LOS ANGELES — The New Madrid fault zone in the nation's midsection is active and could spawn future large earthquakes, scientists reported Thursday.
It's "not dead yet," said U.S. Geological Survey seismologist Susan Hough, who was part of the study published online by the journal Science.
Researchers have long debated just how much of a hazard New Madrid poses. The zone stretches 150 miles, crossing parts of Arkansas, Illinois, Indiana, Kentucky, Mississippi, Missouri and Tennessee.
In 1811 and 1812, it unleashed a trio of powerful jolts — measuring magnitudes 7.5 to 7.7 — that rattled the central Mississippi River valley. Chimneys fell and boats capsized. Farmland sank and turned into swamps. The death toll is unknown, but experts don't think there were mass casualties because the region was sparsely populated.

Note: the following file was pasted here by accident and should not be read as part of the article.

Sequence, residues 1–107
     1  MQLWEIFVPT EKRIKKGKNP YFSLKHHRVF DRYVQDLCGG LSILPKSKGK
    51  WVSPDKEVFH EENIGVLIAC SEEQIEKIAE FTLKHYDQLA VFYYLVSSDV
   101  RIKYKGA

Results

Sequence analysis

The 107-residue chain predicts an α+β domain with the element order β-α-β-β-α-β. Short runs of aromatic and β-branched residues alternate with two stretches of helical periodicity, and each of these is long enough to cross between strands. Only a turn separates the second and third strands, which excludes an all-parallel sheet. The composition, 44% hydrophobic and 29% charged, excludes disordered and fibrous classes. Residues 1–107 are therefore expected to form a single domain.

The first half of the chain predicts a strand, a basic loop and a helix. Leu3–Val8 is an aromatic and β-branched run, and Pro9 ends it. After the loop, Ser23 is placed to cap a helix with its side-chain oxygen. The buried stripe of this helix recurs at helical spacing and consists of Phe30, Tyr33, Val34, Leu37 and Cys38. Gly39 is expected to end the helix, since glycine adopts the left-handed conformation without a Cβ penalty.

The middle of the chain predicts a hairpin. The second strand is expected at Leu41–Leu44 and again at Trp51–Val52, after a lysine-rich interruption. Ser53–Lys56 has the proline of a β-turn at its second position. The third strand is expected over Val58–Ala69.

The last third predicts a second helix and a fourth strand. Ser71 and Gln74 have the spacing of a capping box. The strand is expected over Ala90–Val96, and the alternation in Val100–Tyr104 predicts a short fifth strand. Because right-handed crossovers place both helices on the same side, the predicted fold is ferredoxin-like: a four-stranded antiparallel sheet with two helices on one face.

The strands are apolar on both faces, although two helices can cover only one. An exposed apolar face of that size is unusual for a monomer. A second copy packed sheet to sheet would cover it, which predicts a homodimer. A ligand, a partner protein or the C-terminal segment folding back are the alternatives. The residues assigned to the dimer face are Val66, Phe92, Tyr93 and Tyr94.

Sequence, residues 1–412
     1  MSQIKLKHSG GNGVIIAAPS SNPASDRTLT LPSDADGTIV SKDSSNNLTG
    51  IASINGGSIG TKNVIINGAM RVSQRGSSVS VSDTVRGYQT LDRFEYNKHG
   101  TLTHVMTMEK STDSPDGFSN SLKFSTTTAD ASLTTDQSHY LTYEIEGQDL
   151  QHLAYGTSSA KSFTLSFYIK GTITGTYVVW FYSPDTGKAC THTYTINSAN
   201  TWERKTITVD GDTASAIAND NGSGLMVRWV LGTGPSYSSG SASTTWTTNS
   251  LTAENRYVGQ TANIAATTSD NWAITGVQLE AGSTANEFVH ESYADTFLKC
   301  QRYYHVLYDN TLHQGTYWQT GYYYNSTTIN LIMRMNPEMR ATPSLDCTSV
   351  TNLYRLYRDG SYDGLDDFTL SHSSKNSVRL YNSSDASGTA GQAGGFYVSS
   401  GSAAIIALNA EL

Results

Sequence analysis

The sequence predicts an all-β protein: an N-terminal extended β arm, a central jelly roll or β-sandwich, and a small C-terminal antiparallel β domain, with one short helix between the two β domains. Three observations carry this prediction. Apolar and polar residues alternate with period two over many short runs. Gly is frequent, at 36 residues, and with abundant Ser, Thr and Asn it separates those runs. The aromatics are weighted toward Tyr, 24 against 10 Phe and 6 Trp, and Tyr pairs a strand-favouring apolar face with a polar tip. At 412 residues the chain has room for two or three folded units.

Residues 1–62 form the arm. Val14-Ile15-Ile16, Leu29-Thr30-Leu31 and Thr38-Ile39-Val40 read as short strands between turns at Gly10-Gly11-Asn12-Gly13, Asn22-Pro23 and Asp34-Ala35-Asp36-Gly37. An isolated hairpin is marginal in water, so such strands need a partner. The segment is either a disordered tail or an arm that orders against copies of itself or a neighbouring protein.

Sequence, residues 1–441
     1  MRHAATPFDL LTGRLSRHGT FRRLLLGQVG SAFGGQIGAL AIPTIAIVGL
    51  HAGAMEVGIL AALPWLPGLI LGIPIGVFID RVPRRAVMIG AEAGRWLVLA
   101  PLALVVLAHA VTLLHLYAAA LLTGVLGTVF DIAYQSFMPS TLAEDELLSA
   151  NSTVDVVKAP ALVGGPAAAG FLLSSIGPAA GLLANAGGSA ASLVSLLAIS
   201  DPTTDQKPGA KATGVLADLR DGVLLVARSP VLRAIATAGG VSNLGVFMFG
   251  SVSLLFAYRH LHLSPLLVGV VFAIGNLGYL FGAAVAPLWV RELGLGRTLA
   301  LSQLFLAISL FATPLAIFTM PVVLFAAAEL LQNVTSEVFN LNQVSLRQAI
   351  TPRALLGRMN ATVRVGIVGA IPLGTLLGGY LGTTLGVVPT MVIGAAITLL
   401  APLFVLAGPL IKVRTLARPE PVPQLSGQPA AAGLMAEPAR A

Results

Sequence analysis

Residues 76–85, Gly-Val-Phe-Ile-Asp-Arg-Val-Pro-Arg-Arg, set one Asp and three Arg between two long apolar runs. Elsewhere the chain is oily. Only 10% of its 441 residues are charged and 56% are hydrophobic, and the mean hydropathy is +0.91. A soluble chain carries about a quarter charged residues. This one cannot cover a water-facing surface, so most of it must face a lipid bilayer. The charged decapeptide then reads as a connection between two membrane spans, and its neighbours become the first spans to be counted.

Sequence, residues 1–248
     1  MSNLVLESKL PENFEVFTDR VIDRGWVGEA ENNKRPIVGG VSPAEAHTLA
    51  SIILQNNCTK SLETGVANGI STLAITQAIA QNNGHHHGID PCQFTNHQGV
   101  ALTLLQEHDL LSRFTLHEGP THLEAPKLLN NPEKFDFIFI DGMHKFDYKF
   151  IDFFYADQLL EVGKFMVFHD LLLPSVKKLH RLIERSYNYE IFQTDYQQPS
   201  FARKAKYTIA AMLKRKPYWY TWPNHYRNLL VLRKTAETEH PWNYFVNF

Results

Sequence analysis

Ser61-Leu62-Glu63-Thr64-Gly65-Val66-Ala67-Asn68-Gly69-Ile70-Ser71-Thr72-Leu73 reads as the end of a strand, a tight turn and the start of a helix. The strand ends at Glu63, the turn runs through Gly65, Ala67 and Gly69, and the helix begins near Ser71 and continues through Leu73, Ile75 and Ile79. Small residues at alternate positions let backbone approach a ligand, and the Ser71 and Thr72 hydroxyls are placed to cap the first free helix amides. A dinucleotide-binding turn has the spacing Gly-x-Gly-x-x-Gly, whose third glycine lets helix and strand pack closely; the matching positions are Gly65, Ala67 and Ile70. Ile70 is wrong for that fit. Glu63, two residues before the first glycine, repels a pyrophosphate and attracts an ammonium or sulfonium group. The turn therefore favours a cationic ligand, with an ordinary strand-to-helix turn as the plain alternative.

Unlike California's San Andreas and other faults that occur along boundaries of shifting tectonic plates, New Madrid is less understood because it's in the middle of the continent, far from plate boundaries.
Hough and USGS geophysicist Morgan Page in Pasadena, Calif., analyzed past quakes in the New Madrid region and used computer modeling to determine that continuing tremors are not related to the big quakes two centuries ago.
"Our new results tell us that something is going on there, and therefore a repeat of the 1811-1812 sequence is possible," Hough said.
The USGS estimates there's a 7 to 10 percent chance of that happening in the next 50 years.